Sarah Atkinson - Multiple Cameras, Multiple Screens, Multiple Possibilities

Critical thinking questions

  1. What other methodological approaches aside from a practice-led approach could have been employed to investigate the field of interactive cinema?
  2. This essay raises issues concerning audience research; what could be the potential challenges of researching the audience in new media installations and environments?
  3. Does research into new technologies call for a rethink of traditional modes and methodologies of research?
  4. What issues of validity are raised when the researcher is the artist or creator – and therefore very close to or even an integral facet of the research problem under investigation?

In addition, you can view two documentary films which show Sarah’s experiment with TV narratives in action.

Crossed Lines Interactivity Diagram

Crossed Lines Screenplay

Now you have watched the documentary on the making of Crossed Lines, answer the following questions:

1. How would you describe Crossed Lines? Is it an art form, an innovative new form of TV, an interactive media game, a serious sociological instrument – or something else?

2. In your own experience of media, have you experienced high levels of engagement/involvement - ‘user agency’ and ‘dramatic immediateness’- e.g. with film, TV or new technologies (networking sites, Wii etc). If so could you identify what elements are the most compelling or involving for you?

3. Do you think that it is true that all narratives are composed of the same basic elements (as argued by Levi Strauss, Propp and Fiske - see Chapter 2, pages 52-58)? If so what could the Crossed Lines research tell us about them?

4. Compare Dr Atkinson’s use of Crossed Lines with the Glasgow Media group’s ‘media game’ discussed in Chapter 2, page 53. Do you think there are similarities? Might individuals reproduce narrative structures from their own experience of popular media narratives?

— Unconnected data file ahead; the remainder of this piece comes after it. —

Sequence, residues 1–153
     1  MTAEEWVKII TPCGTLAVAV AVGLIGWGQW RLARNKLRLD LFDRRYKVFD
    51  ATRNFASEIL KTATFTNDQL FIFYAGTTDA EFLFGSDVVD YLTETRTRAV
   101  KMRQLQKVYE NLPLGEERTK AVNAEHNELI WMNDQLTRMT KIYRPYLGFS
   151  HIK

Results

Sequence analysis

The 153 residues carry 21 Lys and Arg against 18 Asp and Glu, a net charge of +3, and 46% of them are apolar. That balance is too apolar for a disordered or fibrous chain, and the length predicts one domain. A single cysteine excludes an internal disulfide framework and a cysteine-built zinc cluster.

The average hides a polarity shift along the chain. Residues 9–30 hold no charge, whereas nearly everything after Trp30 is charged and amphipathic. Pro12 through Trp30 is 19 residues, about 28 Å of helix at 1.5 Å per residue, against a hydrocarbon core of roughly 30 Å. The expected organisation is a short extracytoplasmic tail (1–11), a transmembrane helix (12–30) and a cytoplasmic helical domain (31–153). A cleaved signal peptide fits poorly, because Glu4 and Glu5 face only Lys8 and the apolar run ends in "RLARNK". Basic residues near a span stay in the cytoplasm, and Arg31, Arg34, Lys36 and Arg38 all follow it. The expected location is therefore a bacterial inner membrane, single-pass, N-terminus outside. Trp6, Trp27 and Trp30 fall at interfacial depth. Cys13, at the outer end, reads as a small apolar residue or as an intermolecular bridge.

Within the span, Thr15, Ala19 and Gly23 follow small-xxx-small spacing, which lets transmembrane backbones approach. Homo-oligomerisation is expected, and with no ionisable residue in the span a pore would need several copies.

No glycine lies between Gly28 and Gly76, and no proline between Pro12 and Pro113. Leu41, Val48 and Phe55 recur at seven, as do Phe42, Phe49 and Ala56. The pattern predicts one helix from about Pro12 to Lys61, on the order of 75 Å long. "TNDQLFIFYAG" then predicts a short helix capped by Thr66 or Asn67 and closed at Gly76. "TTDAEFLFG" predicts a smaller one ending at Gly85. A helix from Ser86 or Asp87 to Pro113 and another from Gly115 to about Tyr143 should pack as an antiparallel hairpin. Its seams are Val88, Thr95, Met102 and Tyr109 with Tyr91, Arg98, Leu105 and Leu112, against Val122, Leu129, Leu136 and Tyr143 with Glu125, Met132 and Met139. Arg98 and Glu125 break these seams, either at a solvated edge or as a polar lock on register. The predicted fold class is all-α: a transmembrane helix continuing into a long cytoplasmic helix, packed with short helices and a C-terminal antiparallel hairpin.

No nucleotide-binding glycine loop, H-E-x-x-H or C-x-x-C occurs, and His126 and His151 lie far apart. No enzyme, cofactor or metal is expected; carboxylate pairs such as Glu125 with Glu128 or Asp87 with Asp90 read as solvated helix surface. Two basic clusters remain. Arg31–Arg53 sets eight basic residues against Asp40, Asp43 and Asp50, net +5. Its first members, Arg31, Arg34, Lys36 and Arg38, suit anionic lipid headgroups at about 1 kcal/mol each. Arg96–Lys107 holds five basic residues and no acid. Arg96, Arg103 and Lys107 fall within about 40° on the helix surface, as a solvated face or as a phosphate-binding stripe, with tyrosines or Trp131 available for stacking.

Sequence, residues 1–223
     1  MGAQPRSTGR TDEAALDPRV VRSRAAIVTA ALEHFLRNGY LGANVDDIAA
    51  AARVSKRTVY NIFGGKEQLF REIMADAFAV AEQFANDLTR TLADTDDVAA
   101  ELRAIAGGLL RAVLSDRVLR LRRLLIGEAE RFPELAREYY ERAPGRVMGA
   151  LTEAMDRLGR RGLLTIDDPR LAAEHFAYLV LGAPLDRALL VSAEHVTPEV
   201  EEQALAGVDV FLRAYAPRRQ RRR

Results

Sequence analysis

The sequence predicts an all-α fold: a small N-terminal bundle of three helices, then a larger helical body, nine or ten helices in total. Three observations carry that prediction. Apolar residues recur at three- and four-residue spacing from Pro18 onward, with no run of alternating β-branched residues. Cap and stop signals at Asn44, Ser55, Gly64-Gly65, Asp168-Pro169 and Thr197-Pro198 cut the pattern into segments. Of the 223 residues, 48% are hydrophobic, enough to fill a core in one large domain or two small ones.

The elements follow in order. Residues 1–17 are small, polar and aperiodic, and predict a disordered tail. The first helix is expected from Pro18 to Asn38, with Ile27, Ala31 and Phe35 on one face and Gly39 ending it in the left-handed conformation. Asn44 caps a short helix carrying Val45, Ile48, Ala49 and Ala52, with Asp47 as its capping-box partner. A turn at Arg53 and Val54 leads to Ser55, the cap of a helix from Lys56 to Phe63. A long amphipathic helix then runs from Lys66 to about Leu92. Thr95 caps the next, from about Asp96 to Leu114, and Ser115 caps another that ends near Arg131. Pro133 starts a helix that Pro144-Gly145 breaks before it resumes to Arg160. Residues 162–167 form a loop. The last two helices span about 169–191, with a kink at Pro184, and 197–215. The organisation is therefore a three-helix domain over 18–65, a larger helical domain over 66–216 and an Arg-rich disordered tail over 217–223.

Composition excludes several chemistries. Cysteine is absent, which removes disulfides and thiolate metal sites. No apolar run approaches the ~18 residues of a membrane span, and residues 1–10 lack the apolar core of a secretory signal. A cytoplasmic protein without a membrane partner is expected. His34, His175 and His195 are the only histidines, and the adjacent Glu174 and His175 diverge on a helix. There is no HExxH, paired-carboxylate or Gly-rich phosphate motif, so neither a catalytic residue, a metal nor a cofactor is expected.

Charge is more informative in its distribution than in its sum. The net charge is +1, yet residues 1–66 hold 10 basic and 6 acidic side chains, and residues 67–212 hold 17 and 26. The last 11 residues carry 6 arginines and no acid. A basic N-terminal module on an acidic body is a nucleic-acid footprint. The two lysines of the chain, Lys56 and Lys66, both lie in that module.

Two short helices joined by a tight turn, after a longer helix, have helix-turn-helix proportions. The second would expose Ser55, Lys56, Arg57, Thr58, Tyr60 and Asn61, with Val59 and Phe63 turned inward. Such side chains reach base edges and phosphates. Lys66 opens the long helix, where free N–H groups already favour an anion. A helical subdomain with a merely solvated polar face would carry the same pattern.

5. What similarity is there between Crossed Lines and an alternate reality game (ARG)?

5.1 Does the element of active choice mean that this is a form of collaborative storytelling in operation here?
5.2 Are there ways that Crossed Lines might also appear to cross the line between fiction and reality?
5.3 Is there a sense that the feature of ARG’s ‘puppetmaster’ might be a suspected element here (e.g. in the mysterious and rather sinister central figure)?

6. What might Dr Atkinson’s research using Crossed Lines tell us about:

  • The nature of popular TV narratives and our consumption of them (e.g. ‘soap operas’)?
  • How people view and use media narratives?

 An alternate reality game (ARG) is an interactive narrative that uses the real world as a platform, often involving multiple media and game elements, to tell a story that may be affected by participants' ideas or actions.
The form is defined by intense player involvement with a story that takes place in real-time and evolves according to participants' responses, and characters that are actively controlled by the game's designers, as opposed to being controlled by artificial intelligence as in a computer or console video game. Players interact directly with characters in the game, solve plot-based challenges and puzzles, and often work together with a community to analyze the story and coordinate real-life and online activities. ARGs generally use multimedia, such as telephones, email and mail but rely on the Internet as the central binding medium. Source

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